“Bloatware” is a term commonly used to refer to preinstalled software on a device, usually included by the hardware manufacturer, that is mostly unwanted by the purchaser. This may account for up to 45% of preinstalled software on a new device.
In our busy lives sometimes we just don’t have the resources or time to set up a new computer from scratch; it’s easier to buy a pre-fab PC from the store and then remove the stuff we don’t need. The removal process often times seems pretty straightforward — plug it in, turn it on, delete the preinstalled stuff that we just don’t need or want. But more often this turns from a few minutes into a few hours of uninstall, reboot, uninstall, reboot…
Almost every PC manufacturer (such as Asus, HP, Dell, Toshiba) is guilty of preinstalling their own versions of programs for things that every Windows OS can already do on its own, like performing backups, managing wireless connections, and monitoring battery health. That is where Decrap comes into play. It is an autonomous tool that removes all manufacture bloat in one, quick strike.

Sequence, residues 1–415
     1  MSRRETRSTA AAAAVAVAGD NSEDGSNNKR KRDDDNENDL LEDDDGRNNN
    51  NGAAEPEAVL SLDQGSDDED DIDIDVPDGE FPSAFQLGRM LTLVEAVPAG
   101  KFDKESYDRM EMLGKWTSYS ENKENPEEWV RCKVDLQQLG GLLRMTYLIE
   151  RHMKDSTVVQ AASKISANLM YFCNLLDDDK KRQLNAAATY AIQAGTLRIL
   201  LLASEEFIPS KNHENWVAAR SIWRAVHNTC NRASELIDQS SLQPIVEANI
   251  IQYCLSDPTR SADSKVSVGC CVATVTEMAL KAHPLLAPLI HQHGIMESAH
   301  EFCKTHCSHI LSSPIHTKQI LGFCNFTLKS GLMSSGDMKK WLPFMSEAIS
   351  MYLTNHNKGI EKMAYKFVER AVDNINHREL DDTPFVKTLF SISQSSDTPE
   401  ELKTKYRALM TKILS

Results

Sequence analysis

Once installed, the guided “Decrap” is fairly straightforward.
Select what you want it to remove. Most manufacturer bloatware will include its name in the preinstalled software. If you’re nervous about whether or not you’re removing something critical, rest assured that Decrap does check its database against a known-bloatware database to know what’s needed and what’s junk. (If you’re still nervous about this, however, just call us at Everon: 888-244-1748.)
Always create a system restore point in case anything goes wrong.
For the non-techie I would suggest Fully Automatic mode for a step-by-step walk through of what is happening. Also, the registry clean-up at the end is crucial. Registry affects boot up time, and if it is stuck looking for software that doesn’t exist, it only slows you down.
Simple as that!